‘La Donna del Lago’ Returns to the Met

December 20, 2015 Updated: December 21, 2015
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NEW YORK—Sir Walter Scott’s novels and poems have faded in popularity, but he inspired movies (such as “Ivanhoe” and “Quentin Durward” in the 1950s) and enduring musical works, notably Donizetti’s “Lucia de Lammermoor.” His narrative poem “The Lady of the Lake” was adapted into a bel canto opera by Gioachino Rossini (1792–1868) that was a hit for a time, but sank into obscurity.

Last season, almost 200 years after its debut in Naples, “La Donna del Lago” was revived at the Metropolitan Opera. The opera is quite melodic and challenging since the score was written for the leading virtuosos of the opera scene in the early 19th century.

The Met supplied the requisite vocal talent last season and does so again in this revival with the extraordinary mezzo-soprano Joyce DiDonato returning to the title role. She is partnered by another of the world’s leading bel canto singers, tenor Lawrence Brownlee.

Set in the Scottish Highlands during the 16th century, the title character is Elena, an irresistible beauty. There’s a civil war going on but Giacomo (King James), posing as a hunter named Uberto, walks alone into enemy territory. He meets Elena and immediately falls in love. Unfortunately, the king has considerable competition.  

Elena’s father, Duglas d’Angus (a member of the Highland Clan that wants to dethrone the king but also happens to be the ruler’s former tutor) orders her to marry the rebel leader Rodrigo di Dhu. However, she is enamored of another local suitor, Malcolm Groeme.

The war escalates but nevertheless Giacomo returns, to be rejected once again by Elena. He gives her a ring that he says comes from the king and will protect her from the royal army. Rodrigo overhears the conversation and orders his men to kill the stranger. However, Elena convinces the highlanders to spare Giacomo.

The king’s forces prevail in battle, killing Rodrigo and capturing Duglas. Elena goes to the castle to plead for his release as well as that of Malcolm, who she believes has also been taken by the enemy. Actually, Malcolm is not a prisoner but learns of Elena’s whereabouts and goes after her.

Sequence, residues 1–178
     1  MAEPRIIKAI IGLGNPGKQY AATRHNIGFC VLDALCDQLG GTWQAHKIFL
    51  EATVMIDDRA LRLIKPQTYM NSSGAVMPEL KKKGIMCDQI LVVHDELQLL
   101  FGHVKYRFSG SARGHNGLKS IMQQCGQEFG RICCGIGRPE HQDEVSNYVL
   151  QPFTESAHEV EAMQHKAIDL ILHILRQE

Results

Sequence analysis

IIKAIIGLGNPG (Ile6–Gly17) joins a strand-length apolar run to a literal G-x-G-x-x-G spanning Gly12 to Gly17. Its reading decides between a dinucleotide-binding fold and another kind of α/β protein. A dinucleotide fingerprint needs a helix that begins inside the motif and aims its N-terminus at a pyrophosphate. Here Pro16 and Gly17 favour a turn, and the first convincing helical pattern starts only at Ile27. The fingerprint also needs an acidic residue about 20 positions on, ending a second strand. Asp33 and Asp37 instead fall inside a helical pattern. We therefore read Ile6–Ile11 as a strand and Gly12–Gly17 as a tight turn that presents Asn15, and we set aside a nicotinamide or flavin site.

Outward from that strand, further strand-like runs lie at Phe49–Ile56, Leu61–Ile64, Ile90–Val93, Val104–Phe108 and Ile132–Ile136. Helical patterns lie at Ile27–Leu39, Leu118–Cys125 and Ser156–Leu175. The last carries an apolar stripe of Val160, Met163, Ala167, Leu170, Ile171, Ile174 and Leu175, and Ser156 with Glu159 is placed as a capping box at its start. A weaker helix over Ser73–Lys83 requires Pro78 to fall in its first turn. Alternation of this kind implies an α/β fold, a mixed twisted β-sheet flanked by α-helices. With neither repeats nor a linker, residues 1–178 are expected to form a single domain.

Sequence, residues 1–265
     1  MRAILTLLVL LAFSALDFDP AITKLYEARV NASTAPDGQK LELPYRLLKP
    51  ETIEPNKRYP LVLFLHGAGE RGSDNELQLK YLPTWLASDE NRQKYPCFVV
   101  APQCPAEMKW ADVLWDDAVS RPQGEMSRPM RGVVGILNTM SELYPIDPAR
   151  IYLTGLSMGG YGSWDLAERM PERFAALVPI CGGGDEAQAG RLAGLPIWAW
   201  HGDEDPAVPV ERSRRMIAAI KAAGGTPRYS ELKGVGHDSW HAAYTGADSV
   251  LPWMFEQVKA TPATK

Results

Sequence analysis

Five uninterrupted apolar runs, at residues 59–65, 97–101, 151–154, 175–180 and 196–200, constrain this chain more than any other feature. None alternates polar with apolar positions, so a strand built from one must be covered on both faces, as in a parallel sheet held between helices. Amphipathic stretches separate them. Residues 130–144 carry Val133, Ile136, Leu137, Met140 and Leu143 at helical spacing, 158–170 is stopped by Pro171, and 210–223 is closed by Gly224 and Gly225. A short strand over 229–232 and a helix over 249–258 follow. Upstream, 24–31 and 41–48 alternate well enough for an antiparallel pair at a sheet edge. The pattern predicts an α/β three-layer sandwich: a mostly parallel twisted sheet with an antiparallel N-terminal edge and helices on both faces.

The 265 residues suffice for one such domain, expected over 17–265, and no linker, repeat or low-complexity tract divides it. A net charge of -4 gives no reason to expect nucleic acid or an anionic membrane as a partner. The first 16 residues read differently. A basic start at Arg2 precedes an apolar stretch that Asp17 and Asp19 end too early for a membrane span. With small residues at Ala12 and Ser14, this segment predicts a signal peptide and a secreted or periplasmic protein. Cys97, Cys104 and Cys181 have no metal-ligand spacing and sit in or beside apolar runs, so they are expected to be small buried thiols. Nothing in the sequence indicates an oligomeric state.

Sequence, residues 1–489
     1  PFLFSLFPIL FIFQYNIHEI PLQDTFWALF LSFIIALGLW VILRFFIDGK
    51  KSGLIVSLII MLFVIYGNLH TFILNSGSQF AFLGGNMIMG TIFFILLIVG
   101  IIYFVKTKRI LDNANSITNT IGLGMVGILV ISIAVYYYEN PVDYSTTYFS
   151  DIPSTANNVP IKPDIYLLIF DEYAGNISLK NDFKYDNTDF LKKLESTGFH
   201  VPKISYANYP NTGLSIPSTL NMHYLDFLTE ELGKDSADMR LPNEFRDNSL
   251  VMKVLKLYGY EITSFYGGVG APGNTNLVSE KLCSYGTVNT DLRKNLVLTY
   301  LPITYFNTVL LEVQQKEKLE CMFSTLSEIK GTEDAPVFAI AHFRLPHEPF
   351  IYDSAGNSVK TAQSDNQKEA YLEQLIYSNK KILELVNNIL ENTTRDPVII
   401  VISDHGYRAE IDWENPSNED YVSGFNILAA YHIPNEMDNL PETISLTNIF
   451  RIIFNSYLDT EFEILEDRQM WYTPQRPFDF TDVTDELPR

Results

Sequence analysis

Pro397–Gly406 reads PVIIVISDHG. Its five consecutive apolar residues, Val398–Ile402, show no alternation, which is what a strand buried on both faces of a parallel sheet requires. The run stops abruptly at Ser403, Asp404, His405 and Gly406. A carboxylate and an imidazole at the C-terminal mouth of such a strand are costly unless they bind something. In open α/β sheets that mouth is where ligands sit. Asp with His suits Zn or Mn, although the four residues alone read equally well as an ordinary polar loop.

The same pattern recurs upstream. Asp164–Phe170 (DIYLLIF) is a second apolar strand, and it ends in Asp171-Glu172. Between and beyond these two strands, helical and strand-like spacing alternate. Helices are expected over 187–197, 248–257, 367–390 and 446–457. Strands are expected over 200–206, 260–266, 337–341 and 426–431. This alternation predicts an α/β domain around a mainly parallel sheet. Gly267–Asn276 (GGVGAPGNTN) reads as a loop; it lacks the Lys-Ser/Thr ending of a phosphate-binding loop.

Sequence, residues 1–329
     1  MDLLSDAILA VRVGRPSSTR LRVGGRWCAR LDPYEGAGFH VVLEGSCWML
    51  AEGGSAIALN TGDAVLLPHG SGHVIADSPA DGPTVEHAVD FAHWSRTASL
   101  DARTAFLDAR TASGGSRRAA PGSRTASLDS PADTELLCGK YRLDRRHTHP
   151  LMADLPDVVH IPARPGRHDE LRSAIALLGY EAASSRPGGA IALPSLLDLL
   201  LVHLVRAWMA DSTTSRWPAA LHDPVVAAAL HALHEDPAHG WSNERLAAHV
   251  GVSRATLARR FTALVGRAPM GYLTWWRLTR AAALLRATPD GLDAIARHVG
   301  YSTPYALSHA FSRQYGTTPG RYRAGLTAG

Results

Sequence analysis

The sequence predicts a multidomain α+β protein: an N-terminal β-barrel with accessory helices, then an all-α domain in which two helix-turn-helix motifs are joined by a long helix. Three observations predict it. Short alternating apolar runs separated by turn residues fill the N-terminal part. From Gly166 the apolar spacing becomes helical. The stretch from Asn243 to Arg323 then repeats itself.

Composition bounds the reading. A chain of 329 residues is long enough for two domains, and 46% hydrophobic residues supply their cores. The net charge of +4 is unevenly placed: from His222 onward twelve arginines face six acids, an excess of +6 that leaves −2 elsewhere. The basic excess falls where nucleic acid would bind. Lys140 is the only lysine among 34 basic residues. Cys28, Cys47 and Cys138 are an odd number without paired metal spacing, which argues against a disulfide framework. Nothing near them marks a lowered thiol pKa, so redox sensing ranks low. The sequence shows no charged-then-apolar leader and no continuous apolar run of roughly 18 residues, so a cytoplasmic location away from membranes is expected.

Displaying the ring secures Elena’s entry into the castle, and she is shocked to discover that the lovelorn hunter Uberto is the king. The good-natured monarch pardons Duglas and Malcolm, and allows Elena to marry the man of her choice.

The Production

Paul Curran’s production is mostly dark (until the last scene) and has the singers mostly stand and deliver. Nevertheless, DiDonato not only sings beautifully but acts with feeling. She starts the first act with the lovely “O mattutini albori” and ends the opera with trills galore in “Tanti affetti.” At that point in the opera Elena is supposed to be happy, and DiDonato looks radiant and sounds fantastic even though this long, tricky solo is at the end of a three-hour opera. 

As Giacomo, Brownlee’s singing further establishes him as one of the finest tenors of our time. 

The rebel leader Rodrigo is another role for a tenor, and John Osborn matches Brownlee in knocking out high notes even though he can’t match him in smoothness of projection. There are vocal fireworks when the tenors cross swords and exchange high C’s.

At first blush, Elena’s love interest seems to be a woman in a skirt, but according to the script is a man in a kilt. Malcolm is played by mezzo-soprano Daniela Barcellona, who also sang with style. It was lucky for Giacomo and Rodrigo that they didn’t have to fight Malcolm because the mezzo towered over both of them.

Bass Oren Gradus was rather blustery as Duglas.

The Met chorus and orchestra, conducted by Michele Mariotti, performed admirably.

The sets and costumes by Kevin Knight probably won’t inspire anyone to travel to Scotland. It’s pretty bleak until the last scene, set in the glittering castle.

If you like bel canto, then you won’t want to miss DiDonato and Brownlee in “La Donna del Lago.”

The opera runs intermittently through Dec. 26 at the Metropolitan Opera; 212-362-6000, metopera.org.

Barry Bassis has been a music, theater, and travel writer for over a decade for various publications.